The decision to refer Mary to the next level of care was made when vesicles were found inside the ear canal along with hearing loss. The referral was made to try to keep Mary’s hearing intact. Mary was referred to urgent care because SSNHL is one of the few emergencies in otology.5 This emergency is also a terrifying experience for patients as they lose the ability to effectively communicate.5

Sudden sensorineural hearing loss is a rather common otologic disorder characterized by newly onset unilateral or bilateral hearing loss that develops rapidly, within 72 hours.5

Viral infections such as HZ can lead to SSNHL.5 Studies showing the connection between HZ and SSHNL are lacking at this time. 5 Therefore, no definitive numbers can be assigned for the incidence in adolescents.

Follow-up

During a follow up call the next day, it was learned that Mary was diagnosed with herpes zoster. She was diagnosed by clinical presentation alone. A Varicella titer was performed to prove the antibodies of the vaccination were present, which they weren’t due to varicella vaccination.

Mary was placed on Valtrex 1000mg by mouth three times a day for 7 days, Tylenol #3 30mg/300mg every 8 hours as needed for pain, and prednisone dose pack starting at 60mg and tapering off over 2 weeks. It is recommended for HZ to be treated with antiviral agents, pain medication and corticosteroids for pain control. 7

Mary was given an appointment to follow-up one week after completion of Valtrex with her ear, nose, and throat specialist and instructed to go directly to ED if symptoms worsened.

Conclusion

Proper and prompt referral is vital to the improved outcomes of adolescents who present with HZ symptoms affecting organs vital to communication.

It is key to remember that prompt treatment of disease can deter hearing loss.1 Recovery is variable, and patients with more severe losses display poorer recovery of hearing since the hearing loss is due to degeneration in the cochlear nerve, as well as inflammation around the brain lining. 1 Therefore, it is important to remember to educate patients on importance of up-to-date immunizations and early treatment of diseases, which can also lower the chances of hearing loss. 1

Since there aren’t many large studies on the connection of HZ and SSNHL, additional DNP capstone research should be conducted to collect more information on this topic.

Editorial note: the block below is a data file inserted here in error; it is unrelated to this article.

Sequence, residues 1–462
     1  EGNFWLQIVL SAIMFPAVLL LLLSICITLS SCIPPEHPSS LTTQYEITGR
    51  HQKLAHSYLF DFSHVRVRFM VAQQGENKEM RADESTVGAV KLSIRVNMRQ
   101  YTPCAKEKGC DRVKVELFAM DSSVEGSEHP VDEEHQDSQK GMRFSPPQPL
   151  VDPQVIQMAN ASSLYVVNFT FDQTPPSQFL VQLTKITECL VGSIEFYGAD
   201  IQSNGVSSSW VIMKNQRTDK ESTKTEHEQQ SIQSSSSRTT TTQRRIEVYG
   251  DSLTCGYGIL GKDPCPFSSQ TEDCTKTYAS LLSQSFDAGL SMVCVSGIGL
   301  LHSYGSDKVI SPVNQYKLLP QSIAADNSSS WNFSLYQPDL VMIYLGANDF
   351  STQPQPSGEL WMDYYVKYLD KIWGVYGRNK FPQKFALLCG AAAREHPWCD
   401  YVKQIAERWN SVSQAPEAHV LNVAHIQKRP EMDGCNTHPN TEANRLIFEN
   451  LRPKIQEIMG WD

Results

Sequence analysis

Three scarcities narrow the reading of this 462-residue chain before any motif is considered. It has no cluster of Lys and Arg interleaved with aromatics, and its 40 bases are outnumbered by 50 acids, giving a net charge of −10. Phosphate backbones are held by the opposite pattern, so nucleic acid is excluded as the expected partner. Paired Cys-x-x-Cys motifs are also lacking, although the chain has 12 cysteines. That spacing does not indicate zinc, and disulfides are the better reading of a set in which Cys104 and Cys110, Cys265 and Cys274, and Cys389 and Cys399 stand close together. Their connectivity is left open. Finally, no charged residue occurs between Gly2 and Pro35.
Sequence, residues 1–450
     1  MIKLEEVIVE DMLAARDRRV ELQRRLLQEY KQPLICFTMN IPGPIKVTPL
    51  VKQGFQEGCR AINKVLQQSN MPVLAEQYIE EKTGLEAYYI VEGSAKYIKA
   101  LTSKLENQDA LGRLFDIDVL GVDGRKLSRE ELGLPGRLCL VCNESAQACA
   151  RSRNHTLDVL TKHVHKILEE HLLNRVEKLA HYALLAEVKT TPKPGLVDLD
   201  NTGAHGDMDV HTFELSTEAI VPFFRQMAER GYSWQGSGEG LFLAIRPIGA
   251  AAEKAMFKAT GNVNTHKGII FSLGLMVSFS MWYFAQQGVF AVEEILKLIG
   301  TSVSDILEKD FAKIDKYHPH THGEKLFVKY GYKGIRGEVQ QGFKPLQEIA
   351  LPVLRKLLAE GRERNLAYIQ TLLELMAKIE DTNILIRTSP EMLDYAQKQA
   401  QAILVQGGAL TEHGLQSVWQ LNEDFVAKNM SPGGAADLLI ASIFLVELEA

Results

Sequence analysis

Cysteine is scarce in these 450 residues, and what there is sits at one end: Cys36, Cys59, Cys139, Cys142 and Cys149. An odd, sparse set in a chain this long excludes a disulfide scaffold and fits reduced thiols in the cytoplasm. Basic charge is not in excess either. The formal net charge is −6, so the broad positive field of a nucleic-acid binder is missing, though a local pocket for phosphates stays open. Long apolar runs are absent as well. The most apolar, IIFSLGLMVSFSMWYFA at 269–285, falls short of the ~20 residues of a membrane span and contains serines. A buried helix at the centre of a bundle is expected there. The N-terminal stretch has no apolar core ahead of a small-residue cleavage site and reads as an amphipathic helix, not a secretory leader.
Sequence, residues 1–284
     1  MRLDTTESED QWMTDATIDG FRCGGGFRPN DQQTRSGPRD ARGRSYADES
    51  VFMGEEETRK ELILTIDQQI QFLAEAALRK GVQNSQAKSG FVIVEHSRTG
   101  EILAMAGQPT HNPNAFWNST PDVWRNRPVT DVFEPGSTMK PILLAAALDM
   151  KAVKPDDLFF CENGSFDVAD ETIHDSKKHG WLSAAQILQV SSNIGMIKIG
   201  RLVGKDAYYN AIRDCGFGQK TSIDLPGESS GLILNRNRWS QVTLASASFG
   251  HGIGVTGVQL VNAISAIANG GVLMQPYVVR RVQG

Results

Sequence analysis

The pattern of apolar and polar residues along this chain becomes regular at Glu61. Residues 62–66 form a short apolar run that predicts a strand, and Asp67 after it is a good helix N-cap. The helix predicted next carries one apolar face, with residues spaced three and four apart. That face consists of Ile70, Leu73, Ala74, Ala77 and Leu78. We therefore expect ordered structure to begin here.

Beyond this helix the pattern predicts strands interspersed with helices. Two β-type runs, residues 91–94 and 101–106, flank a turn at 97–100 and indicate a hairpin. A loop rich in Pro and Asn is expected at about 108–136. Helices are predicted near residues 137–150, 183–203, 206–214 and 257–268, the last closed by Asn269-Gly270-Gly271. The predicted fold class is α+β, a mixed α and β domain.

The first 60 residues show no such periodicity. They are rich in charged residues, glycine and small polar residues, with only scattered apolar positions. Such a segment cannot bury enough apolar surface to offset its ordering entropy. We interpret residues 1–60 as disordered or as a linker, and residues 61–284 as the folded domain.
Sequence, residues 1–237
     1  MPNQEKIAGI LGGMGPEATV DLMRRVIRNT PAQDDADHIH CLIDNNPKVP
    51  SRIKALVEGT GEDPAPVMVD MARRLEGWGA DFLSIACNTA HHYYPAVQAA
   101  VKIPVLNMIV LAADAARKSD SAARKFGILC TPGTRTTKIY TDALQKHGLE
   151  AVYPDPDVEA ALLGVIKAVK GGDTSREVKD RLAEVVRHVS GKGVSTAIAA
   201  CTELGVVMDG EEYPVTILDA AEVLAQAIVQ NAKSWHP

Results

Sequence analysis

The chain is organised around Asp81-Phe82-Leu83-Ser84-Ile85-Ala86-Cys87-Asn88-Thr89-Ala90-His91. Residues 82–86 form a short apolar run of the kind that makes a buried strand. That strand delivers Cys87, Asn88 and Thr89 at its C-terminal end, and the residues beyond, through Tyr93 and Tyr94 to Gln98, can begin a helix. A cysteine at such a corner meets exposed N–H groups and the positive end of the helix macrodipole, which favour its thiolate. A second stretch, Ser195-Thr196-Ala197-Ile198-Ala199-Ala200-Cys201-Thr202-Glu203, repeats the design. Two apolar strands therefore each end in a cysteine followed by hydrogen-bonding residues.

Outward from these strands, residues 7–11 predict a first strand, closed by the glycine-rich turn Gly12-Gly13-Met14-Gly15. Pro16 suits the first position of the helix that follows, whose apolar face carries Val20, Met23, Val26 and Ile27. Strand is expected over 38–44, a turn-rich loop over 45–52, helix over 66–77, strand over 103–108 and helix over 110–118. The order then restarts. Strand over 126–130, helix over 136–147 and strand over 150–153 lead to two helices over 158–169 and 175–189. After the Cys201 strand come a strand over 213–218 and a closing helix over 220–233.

1. References
    Appold K. 11 surprising medical causes of hearing loss. Hear Health. 2012;28(2):36-9.
  2. Pahud BA, et al. Varicella zoster disease of the central nervous system: Epidemiological, clinical, and laboratory features 10 years after the introduction of the varicella vaccine. J Infect Dis. 2011;203(3):316-23. doi: 10.1093/infdis/jiq066
  3. Donahue JG, et al. Herpes zoster and exposure to the varicella zoster virus in an era of varicella vaccination. Am J Public Health. 2010;100(6):1116-22. doi: 10.2105/AJPH.2009.160002
  4. Naveen KN, et al. Herpes zoster affecting all three divisions of trigeminal nerve in an immunocompetent male: a rare presentation. Indian J Dermatol. 2014;59(4):423-423. doi: 10.4103/0019-5154.135548
  5. Sheu J, Keller JJ, Chen Y, Wu C, Lin H. No increased risk of sudden sensorineural hearing loss following recent herpes zoster: A nationwide population-based study. Acta Otolaryngol. 2012;132(2):167-72. doi: 10.3109/00016489.2011.633227
  6. Kane E. The truth about shingles. Better Nutr. 2014;76(11):26-7.
  7. Gan EY, et al. Management of herpes zoster and post-herpetic neuralgia. Am J Clin Dermatol. 2013;14(2):77-85. doi: 10.1007/s40257-013-0011-2.
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About Author

Jalandria Gurley, DNP, APRN, FNP-BC

Jalandria Gurley is an adjunct professor at the University of Texas at Arlington, College of Nursing and Health Innovation and practices clinically in Family Medicine.

Sheila Haley, PhD, MSN, RN, CFN

Sheila Haley is an assistant clinical professor at Texas Woman's University.

Catherine Bailey, PhD, RN, CNE

Catherine Bailey is an associate professor at Texas Woman's University, College of Nursing in Dallas, Texas.